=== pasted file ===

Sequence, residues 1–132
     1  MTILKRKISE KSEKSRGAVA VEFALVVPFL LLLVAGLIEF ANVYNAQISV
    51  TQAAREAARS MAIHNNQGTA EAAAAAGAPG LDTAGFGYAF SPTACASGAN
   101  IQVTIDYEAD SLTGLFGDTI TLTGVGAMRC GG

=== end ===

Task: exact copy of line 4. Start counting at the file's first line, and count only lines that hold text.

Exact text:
   101  IQVTIDYEAD SLTGLFGDTI TLTGVGAMRC GG